Comprehensive Energy Audits

Comprehensive energy audits, also known as home energy assessments, give homeowners useful information to improve energy usage, the comfort of the home, and safety. An audit should be your first step before deciding to upgrade your home for energy efficiency or adding solar energy or other renewable energy systems. Audits can also uncover easy ways to improve efficiency throughout the entire house, from the basement to the attic.

What Do Comprehensive Energy Audits Measure?

Energy audits measure energy use, inefficiencies where heating and cooling are lost and prioritize improvements. Key improvements are determined by the information you provide to the auditor about which rooms are used and which temperatures are set for heating and cooling. Energy-saving improvements vary from sealing doors to getting new windows or adding renewable energy like solar panels. Outdated appliances may also need replacement due to efficiency and safety reasons.

How Can I Prepare for an Audit?

Before a comprehensive audit is conducted, you can take several steps that will save time and improve the relevance and value of the audit. Gather information including:

  • A list of existing issues like drafty rooms, uneven heating and cooling, or condensation on windows.
  • Energy bills from over the last year, or an end-of-year report if the utility company provides one.
  • Usage of the home and its rooms, including occupancy during the day, thermostat settings for summer and winter, number of residents, and how many rooms are used.

This information will help the auditor maximize the value of the audit by paying extra attention to potential issues and understanding how the home is used.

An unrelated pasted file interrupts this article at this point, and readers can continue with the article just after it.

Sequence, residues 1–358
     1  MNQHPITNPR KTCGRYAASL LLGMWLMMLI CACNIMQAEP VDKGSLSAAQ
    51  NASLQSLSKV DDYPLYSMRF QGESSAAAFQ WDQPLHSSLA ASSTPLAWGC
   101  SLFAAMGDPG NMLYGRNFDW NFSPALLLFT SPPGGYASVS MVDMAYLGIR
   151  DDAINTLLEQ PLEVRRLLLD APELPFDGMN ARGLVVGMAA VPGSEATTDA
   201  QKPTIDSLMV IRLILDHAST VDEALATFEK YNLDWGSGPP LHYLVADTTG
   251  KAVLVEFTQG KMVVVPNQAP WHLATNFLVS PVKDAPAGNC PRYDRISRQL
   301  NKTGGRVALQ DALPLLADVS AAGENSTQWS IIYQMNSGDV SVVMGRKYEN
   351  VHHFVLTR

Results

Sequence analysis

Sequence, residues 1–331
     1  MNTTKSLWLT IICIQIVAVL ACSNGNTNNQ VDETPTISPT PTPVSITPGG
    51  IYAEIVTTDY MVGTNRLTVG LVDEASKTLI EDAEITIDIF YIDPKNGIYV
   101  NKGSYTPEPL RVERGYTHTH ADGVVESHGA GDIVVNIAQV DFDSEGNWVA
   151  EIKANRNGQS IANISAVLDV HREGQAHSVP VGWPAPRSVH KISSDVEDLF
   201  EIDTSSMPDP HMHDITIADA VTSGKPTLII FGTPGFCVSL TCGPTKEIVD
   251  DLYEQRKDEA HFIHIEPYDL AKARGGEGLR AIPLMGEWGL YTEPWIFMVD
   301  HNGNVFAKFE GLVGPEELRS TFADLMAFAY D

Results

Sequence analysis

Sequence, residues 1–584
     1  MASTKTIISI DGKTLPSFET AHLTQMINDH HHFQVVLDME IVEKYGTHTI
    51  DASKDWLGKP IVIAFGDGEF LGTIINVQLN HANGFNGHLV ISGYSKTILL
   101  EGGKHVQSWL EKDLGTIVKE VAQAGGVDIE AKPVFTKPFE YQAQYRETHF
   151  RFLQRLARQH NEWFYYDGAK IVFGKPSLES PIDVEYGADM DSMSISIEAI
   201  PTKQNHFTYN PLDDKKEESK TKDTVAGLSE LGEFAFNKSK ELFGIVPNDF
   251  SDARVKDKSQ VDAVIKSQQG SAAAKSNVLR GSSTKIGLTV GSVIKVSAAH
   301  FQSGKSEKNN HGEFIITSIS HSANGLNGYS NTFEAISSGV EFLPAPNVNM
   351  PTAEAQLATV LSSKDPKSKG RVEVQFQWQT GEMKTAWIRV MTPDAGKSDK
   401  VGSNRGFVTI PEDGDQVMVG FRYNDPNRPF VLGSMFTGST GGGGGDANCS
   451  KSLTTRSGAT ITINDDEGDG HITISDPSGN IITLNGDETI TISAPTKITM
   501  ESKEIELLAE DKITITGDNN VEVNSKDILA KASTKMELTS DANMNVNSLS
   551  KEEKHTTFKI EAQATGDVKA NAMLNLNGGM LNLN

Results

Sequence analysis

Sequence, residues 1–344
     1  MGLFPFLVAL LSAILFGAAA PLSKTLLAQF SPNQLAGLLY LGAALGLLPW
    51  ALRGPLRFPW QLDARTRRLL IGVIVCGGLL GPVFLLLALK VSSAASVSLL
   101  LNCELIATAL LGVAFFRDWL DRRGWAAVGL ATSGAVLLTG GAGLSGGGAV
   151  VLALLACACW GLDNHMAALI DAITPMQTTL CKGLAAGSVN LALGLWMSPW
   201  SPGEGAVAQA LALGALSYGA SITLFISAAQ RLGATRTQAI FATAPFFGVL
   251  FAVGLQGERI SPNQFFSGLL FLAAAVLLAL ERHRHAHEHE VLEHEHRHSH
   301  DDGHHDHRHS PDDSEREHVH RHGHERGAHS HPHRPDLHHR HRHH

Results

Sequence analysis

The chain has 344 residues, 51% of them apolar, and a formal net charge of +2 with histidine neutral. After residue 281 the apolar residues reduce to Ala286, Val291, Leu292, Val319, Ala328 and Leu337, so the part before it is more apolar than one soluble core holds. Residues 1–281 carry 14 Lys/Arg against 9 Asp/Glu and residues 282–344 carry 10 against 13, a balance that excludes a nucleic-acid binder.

How Is the Audit Conducted?

The auditor conducts the comprehensive audit by examining the home's exterior, noting the dimensions of the walls and the number and size of the windows. After checking the home's exterior, the auditor will review information about the home's usage, such as demands placed on the heating and cooling systems and which rooms are used the most. The usage details will help reveal simple ways to reduce energy usage.

Auditors will walk through the home, often with the residents, providing a great time to ask questions. Auditors may use specialized tools to spot energy loss, including blower doors, efficiency meters for furnaces, infrared cameras, and surface thermometers. While infrared cameras can spot differences in temperature on walls and other surfaces, blower doors can exaggerate air leaks during infrared testing and provide better results. Ducts are also tested to ensure they don't leak, are clean, and are properly insulated.

energy code compliance

Image via Flickr by BillSmith_03303

How Can I Spot Potential Energy Efficiency Issues?

It's possible to spot potential issues by doing a walk-through before the audit and taking detailed notes to share with the auditor. This information will help the auditor focus on problem areas and learn more about how you use the spaces in your home. Energy-saving opportunities and possible safety issues can be uncovered in newer homes as well as in older construction.

Opportunities for saving energy and improving safety grow every year, with new technologies entering the market faster than builders and remodelers can keep up with them. Training can also lag on emerging technologies. Homeowners can begin the process by taking steps before the comprehensive audit to flag efficiency and even safety concerns. Review the following potential issues and note them for your inspector.